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Re: Mediterranean Cork Oak Forests at Stake in Wine Closure Battle

by Eric Ifune » Wed May 17, 2006 1:55 am

One case is the Giant Sequoia which is the world's biggest and oldest surviving organism. You'd think these would be protected right? Especially if they had National protection?


I believe that the giant sequoia is the largest living organism but the bristlecone pines of the California White Mountains are the oldest. Something like 5000 years. There are a couple of ancient groves just west of Death Valley. They are protected, however the oldest trees are not located for the public because of the concern about vandals. Makes you wonder about some people.
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Re: Mediterranean Cork Oak Forests at Stake in Wine Closure Battle

by Michael Pronay » Wed May 17, 2006 5:22 am

Robin,

with all respect: Amorim is the largest cork producer in the world (not only the largest producer of fine corks). Taint rates are criminal and nowhere near falling.

I as a consumer (or wine-writer) have no mean at all to tell whether a given cork is manufactured by Amorim or somebody else.

A normal consumer seldom asks for refund. Even more seldom are return rates when you go higher up: retail/restaurant, wholesale, importer, producer, cork retailer, cork importer, Amorim.

A near zero return rate at Amorim says just about nothing about the real problems out there: 17% at our Champagne tasting (in 2003); 39% with Bordeaux 1995 (in 2005); 21% with Bordeaux 1996 (in 2006). Batch size with 100 to 120 wines at each tasting was large enough to be conclusive.

Just to be precise: "Taint" by my definition is not "discernible TCA" but "any off bottle immediately confirmed by a better back-up bottle of the same provenance".
Ceterum censeo corticem esse delendam
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Re: Mediterranean Cork Oak Forests at Stake in Wine Closure Battle

by Graeme Gee » Wed May 17, 2006 7:06 pm

Robin Garr wrote:It certainly wouldn't surprise me to see the Portuguese cork industry aligning with NGOs that foster environmental protection in the cork forests, for good reasons and perhaps for not-so-good reasons. Give them credit, though, for pulling away from the sensationalistic (and easily disproven) wails of anguish ... and for being willing to say so. I would have been surprised to seem them making overt statements about that on the Amorim Website in contradiction with their own stated position on it.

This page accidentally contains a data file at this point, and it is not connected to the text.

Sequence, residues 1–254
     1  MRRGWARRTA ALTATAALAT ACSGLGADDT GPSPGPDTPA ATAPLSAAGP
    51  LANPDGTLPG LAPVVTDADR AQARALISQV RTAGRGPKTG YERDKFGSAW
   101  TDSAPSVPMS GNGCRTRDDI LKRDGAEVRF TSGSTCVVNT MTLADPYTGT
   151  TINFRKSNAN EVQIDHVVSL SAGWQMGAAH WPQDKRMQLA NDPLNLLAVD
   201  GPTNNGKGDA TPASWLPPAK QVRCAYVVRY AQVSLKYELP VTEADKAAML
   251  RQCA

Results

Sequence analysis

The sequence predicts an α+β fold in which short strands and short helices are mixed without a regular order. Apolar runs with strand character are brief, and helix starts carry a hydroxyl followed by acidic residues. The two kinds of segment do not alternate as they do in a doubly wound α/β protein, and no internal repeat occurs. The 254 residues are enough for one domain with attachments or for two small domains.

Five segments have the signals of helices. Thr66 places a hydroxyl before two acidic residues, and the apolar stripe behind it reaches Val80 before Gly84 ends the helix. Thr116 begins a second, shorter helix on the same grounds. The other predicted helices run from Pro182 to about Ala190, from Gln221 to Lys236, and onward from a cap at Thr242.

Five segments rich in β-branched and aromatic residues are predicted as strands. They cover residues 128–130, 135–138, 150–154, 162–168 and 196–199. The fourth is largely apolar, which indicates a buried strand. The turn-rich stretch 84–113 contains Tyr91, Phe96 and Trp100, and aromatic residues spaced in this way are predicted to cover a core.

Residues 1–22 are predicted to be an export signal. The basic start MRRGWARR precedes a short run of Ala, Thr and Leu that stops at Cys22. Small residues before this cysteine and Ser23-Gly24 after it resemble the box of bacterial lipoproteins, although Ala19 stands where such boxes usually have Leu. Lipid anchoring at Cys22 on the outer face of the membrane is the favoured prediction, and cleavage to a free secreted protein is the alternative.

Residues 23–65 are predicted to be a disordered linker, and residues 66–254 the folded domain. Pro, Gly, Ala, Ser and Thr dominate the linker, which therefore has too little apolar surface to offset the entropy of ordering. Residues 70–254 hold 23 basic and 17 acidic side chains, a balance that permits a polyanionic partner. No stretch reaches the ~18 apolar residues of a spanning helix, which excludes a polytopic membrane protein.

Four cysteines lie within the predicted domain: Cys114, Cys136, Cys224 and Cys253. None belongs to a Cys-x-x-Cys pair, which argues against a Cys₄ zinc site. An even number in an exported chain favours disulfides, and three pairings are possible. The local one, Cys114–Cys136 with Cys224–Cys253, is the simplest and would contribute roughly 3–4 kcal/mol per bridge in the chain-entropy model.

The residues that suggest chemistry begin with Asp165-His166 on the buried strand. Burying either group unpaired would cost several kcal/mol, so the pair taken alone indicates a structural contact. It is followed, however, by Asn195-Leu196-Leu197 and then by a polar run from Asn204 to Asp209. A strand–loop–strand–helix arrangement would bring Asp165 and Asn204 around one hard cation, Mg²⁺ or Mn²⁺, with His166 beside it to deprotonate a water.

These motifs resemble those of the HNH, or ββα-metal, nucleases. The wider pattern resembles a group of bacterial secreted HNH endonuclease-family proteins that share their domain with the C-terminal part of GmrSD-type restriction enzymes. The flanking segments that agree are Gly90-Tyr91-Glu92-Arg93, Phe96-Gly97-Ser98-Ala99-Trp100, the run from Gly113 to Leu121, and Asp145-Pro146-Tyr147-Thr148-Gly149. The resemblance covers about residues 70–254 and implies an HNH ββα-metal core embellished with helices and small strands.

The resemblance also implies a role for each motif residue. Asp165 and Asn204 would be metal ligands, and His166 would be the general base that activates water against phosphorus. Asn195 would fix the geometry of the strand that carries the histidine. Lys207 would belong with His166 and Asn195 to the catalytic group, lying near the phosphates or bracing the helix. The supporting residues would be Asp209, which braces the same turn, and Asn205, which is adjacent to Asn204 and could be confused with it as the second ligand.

Standard corporate spin, isn't it? Different messages for different folks. Savvy wine writers get the full-blown scientific talk on how new technologies are ridding the industry of a long-standing, equally-long denied scourge, and they should support cork seals for, er, what was the reason again? Meanwhile, punters out in $5-a-bottle land are told that by choosing wines with corks they are saving the lives of small cuddly animals. Nothing surprising there.

I think cork makes wonderful floor tiles. I really do.

cheers,
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Re: Mediterranean Cork Oak Forests at Stake in Wine Closure Battle

by Robin Garr » Wed May 17, 2006 7:10 pm

There's just no way I can participate in this discussion without creating the impression that I'm a shill for Amorim, which I'm not. I would suggest, though, that each of us consider our own attitudes and beliefs about cork and alternative closures, and then consider the extent to which they sway us from clear, logical analysis.
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Re: Mediterranean Cork Oak Forests at Stake in Wine Closure Battle

by David M. Bueker » Wed May 17, 2006 8:53 pm

Robin Garr wrote:I would suggest, though, that each of us consider our own attitudes and beliefs about cork and alternative closures, and then consider the extent to which they sway us from clear, logical analysis.


Where's the fun in that?

Seriously, I don't care if you are a shill for hte cork industry or not. I have had too many corked bottles to trust cork. I don't know who Johannes Leitz buys his corks from. I don't know who Helmut Donnhoff buys his corks from. If I see a screwcap or even a glass closure I know there's no taint.
There behind the glass lies a real blade of grass. Be careful as you pass. Move along. Move along.
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Re: Mediterranean Cork Oak Forests at Stake in Wine Closure Battle

by Graeme Gee » Wed May 17, 2006 9:12 pm

John D. Zuccarino wrote:Finally technology has arrived in time to eliminate TCA to maybe one in 1,000,000. I think that this is a very good start for the future of the coark industry. Many problems have come up due to alternative closures some resulting in multi million dollar settlements. The distain for the cork has everyone foaming at the mouth and turning a blind eye to the failure of some new closures. Again all of the anti cork people turn away and say well, let’s give it one more chance. I turn the same question around if you are willing to partake in the grand closure experiment so be it. Just remember we won’t know what will work for over 30 years until the wines are put to the age-old test.